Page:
[Date Prev][Date Next] [Thread Prev][Thread Next] [Date Index] [Thread Index]

Re: Standardized way of extracting additional build-time artefacts (was: Re: RFC: Standardizing source package artifacts build paths)

On Tue, 10 Mar 2020 at 08:10:55 +0100, Niels Thykier wrote:
> Just to clarify something related.  Should debhelper and other tools by
> default archive "certain files of possible interest" (e.g. config.log)?
> Or should we limit it to "on request only"?

I think it would probably make most sense for dpkg (which doesn't know
about specific build systems) to not archive anything by default, or to
archive only things it produced itself.

For debhelper it might make sense for build system classes to archive
well-known logs like Autotools' ${builddir}/config.log and Meson's
${builddir}/meson-logs/ by default, but probably not logs that are in
an unpredictable location like Autotools' test logs.

If there's an exclusion mechanism for packages that know a particular
artifact is not useful and monstrously large ("!meson-logs/big.log"?) then
it doesn't necessarily matter much either way. If artifacts aren't kept
forever then the damage from archiving too much will be temporary.

> The former makes it simpler for people that are interested in the
> "default" parts but also bloats the archive for people that are
> interested in just one file.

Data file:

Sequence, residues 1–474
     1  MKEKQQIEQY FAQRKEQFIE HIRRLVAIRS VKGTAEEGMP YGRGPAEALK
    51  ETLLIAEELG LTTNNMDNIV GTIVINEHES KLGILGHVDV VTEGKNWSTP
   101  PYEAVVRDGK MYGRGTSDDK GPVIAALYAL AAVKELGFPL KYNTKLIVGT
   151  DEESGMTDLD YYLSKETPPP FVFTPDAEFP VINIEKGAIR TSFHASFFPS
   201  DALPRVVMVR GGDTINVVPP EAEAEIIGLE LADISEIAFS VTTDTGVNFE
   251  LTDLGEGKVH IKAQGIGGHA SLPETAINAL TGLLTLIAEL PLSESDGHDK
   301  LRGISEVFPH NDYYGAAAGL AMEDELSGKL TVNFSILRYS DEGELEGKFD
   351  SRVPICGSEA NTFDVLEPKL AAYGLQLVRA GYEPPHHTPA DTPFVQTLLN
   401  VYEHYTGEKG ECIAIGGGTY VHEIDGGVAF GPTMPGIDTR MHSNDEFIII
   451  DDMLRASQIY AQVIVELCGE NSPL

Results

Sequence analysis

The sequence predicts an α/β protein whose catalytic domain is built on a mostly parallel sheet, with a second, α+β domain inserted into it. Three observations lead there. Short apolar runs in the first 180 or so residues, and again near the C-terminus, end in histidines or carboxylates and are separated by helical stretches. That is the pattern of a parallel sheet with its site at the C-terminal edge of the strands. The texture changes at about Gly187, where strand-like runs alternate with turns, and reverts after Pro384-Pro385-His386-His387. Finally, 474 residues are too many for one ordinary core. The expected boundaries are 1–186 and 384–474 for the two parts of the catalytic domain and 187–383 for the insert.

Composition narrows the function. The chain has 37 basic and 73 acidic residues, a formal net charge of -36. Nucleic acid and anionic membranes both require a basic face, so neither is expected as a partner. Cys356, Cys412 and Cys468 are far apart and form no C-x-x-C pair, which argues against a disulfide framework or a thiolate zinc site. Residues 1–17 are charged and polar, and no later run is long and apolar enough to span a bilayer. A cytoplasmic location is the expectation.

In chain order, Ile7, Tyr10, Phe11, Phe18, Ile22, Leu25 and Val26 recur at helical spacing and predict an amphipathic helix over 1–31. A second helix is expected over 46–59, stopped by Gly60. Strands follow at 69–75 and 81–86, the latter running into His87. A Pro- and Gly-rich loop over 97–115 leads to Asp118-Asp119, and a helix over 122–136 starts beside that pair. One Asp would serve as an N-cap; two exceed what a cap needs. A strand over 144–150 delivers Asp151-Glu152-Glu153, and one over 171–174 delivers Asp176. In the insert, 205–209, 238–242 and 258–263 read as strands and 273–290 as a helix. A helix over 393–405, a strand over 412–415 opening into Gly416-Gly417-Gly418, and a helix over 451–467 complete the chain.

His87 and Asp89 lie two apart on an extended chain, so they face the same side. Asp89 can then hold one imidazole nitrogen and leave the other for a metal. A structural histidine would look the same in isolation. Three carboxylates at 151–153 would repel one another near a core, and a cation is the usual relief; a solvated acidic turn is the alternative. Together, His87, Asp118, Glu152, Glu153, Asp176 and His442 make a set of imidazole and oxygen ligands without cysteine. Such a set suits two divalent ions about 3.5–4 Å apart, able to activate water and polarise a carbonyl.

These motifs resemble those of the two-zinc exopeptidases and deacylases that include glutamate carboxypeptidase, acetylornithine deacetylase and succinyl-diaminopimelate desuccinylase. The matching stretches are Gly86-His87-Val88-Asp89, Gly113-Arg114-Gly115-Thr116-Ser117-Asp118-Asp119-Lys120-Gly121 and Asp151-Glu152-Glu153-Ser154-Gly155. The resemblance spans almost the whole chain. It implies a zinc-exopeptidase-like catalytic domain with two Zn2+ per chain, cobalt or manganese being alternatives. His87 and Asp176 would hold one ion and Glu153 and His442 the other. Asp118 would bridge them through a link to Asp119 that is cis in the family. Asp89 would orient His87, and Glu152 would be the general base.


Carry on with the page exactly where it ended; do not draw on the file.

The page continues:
Have you seen the UI Gitlab-CI and Jenkins provide for this? If you look
at a Gitlab-CI job like <https://gitlab.gnome.org/GNOME/glib/-/jobs/624888>,
there's a Download link that gives you the complete bundle of
artifacts in a zip file, but there's also a Browse link like
that lets you look at individual logs online (which is often enough to
debug an issue). Jenkins has a similar system.

On Salsa, ci.debian.net (for tests with the needs-build restriction),
and similar systems, I think it would make most sense to drop the
artifacts into somewhere the "larger" CI system will pick them up, and
let the "larger" CI system handle browsing and expiry. On
buildd.debian.org, I think build logs are kept forever(?) but artifacts
should probably have some sort of expiration mechanism, similar to the
way ci.debian.net remembers test results indefinitely but discards old
logs after a while.


Reply to: